"Down payment": It's amazing that these two little words have such a profound influence on your homeownership process—and your life! Ask most people what is an acceptable down payment on a house, and nine times out 10 they'll tell you it's 20% of your home's selling price. So you do the math, figure you'd have to put down $50,000 on a $250,000 house, and break out in hives when you realize that the chances of your getting out of that tiny one-bedroom apartment are slim.


FHA Loans. FHA mortgage loans are insured, but not originated, by the federal government – specifically, the Federal Housing Administration. Known as 203b mortgage loans, they require just 3.5% down. They can be used on one- to four-family homes and typically carry lower interest rates than conventional mortgage loans, though your exact rate will depend on your creditworthiness and other factors. Underwriting standards are also much looser than on conventional mortgages – you can qualify with a credit score below 600.
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For most buyers, this is when the butterflies really show up. Once you’ve found a home you want your agent will work with you to craft an offer. Remember, the listing price is only a starting point. Your agent will understand the market and help guide you to make the most attractive offer, whether it’s below, at or above listing price. Are there any contingencies to your offer? Will you require an inspection? These are all things your agent will help you with. Once you’ve submitted the offer you get to wait. It will seem interminable. You may get neither a simple yes or no but a counteroffer to consider. It can be something of a dance. If you get a solid “no,” it’s back to Step 5. If you get to a “yes,” celebrate!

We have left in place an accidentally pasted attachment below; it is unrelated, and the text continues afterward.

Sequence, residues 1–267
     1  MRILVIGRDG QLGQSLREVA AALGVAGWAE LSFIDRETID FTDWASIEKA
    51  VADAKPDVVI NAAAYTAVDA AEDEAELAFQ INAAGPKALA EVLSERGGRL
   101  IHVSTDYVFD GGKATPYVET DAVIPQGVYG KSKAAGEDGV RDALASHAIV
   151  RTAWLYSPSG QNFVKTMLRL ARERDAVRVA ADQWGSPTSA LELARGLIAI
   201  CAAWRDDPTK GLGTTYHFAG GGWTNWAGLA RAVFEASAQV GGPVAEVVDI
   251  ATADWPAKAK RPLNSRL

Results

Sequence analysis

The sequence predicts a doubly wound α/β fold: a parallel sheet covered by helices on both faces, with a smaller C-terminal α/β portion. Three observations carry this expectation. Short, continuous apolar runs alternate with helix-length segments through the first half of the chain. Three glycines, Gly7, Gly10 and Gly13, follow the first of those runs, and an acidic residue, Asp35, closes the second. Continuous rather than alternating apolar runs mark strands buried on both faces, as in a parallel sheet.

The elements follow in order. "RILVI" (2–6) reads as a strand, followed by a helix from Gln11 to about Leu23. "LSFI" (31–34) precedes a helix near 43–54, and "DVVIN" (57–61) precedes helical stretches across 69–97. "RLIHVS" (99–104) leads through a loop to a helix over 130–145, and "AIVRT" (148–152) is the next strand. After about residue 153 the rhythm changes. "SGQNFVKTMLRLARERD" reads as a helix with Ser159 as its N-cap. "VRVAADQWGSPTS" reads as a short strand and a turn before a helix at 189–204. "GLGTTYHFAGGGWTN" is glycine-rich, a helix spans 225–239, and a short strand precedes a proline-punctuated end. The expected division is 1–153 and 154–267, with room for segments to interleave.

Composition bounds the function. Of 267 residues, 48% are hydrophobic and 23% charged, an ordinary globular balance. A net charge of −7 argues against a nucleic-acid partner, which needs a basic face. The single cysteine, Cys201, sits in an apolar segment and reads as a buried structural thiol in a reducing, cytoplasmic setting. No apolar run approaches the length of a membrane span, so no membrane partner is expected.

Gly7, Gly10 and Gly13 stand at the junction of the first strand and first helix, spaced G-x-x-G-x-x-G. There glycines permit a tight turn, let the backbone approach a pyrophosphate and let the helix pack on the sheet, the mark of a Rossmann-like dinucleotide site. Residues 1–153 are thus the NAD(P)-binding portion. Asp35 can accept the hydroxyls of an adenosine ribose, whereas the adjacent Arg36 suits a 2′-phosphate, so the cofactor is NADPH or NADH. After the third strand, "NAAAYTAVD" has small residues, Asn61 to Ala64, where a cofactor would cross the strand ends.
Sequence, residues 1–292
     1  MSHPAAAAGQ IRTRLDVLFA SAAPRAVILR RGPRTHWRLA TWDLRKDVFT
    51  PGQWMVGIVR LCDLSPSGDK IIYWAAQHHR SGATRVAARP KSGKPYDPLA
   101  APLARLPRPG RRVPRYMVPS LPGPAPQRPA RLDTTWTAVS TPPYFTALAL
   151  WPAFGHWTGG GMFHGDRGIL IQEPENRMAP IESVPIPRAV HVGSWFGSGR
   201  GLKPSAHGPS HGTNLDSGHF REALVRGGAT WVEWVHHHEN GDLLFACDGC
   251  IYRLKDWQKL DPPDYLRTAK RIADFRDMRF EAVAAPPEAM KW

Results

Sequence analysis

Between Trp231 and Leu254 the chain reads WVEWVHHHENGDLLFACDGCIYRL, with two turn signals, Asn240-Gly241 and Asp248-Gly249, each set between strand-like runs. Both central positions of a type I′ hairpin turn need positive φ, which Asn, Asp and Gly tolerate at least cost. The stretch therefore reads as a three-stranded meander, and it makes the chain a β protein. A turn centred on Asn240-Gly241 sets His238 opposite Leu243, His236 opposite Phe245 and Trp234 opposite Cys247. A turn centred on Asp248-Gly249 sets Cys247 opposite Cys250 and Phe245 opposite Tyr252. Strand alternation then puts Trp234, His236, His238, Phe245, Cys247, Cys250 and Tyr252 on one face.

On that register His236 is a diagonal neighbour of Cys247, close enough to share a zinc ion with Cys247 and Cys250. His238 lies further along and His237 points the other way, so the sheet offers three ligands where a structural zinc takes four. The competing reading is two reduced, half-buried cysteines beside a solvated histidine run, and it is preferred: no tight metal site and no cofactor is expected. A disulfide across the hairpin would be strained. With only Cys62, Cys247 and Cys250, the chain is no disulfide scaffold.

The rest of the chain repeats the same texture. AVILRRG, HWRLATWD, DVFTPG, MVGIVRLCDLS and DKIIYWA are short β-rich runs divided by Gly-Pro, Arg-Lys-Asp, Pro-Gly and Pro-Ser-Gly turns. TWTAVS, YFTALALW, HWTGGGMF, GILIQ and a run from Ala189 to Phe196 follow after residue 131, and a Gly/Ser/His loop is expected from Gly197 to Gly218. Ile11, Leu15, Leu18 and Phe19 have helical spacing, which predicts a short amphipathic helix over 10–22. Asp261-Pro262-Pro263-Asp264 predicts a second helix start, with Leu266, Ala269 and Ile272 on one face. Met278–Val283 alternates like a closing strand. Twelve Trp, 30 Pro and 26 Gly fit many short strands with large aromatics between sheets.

Before contacting a lender, it’s smart to check your credit report. By law, you can get a free report once a year through Annualcreditreport.com. The report pulls data from the three major credit-reporting agencies: Equifax, TransUnion and Experian. Having the information in hand before you talk with a lender lets you dispute any errors in the reporting. Based on your credit report, Fair Isaac & Co. (FICO) assigns you a credit score ranging from 350 to 850. The higher your credit score, the lower the interest rate on your mortgage. Scores are based on:

VA Loans. If you or your spouse is a current or former member of the military, your family may qualify for a VA home loan backed by the federal government (Department of Veterans Affairs). On the down payment front, VA loans are even better than FHA loans – they require no money down, though you’re free to put money down and reduce the total amount you must borrow. If interest rates drop after you’ve been in your house for a while, look into VA streamline refinance loans (IRRRL), which can reduce your rates significantly at a lower cost than a conventional refinance loan.
For most buyers, this is when the butterflies really show up. Once you’ve found a home you want your agent will work with you to craft an offer. Remember, the listing price is only a starting point. Your agent will understand the market and help guide you to make the most attractive offer, whether it’s below, at or above listing price. Are there any contingencies to your offer? Will you require an inspection? These are all things your agent will help you with. Once you’ve submitted the offer you get to wait. It will seem interminable. You may get neither a simple yes or no but a counteroffer to consider. It can be something of a dance. If you get a solid “no,” it’s back to Step 5. If you get to a “yes,” celebrate!
Pre-approval requires the lender to pull the credit information (see Step 1) and assess your financial situation. The lender will then give you a letter that states the amount they would be willing to lend you. If you get in a multiple-offer scenario, being pre-approved may give you an edge because the seller will have more confidence that you will be approved for a loan large enough to purchase their home. 
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